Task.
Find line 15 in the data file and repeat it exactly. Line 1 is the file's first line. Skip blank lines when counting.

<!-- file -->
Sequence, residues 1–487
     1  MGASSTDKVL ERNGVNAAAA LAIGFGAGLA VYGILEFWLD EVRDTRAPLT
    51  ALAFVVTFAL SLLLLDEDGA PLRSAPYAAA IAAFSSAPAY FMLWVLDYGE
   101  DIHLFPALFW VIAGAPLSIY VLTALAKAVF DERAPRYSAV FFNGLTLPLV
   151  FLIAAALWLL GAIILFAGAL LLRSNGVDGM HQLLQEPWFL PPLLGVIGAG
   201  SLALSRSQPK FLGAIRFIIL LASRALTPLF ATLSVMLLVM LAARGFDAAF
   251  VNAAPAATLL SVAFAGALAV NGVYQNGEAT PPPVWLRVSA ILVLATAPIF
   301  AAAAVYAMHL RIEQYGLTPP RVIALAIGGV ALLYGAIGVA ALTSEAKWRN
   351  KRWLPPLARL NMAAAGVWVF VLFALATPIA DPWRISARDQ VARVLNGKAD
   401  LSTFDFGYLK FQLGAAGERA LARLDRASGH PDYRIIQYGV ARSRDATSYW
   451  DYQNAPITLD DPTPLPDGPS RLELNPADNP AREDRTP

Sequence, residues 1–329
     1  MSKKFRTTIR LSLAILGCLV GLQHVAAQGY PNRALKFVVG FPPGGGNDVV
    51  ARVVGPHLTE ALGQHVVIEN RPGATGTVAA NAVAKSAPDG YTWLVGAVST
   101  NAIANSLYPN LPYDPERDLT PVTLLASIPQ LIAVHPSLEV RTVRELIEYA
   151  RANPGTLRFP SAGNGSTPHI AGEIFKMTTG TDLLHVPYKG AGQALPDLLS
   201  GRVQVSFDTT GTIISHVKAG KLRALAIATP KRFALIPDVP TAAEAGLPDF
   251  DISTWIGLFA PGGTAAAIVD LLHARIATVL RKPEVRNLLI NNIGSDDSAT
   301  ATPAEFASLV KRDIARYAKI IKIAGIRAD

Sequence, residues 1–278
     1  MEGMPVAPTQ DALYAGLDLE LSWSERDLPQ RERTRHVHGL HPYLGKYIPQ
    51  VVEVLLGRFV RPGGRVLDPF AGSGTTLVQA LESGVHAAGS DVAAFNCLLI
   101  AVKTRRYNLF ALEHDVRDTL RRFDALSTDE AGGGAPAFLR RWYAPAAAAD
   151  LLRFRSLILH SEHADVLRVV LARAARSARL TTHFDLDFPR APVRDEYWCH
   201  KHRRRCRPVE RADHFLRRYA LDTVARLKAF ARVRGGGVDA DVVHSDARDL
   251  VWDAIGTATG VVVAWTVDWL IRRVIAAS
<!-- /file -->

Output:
   101  NAIANSLYPN LPYDPERDLT PVTLLASIPQ LIAVHPSLEV RTVRELIEYA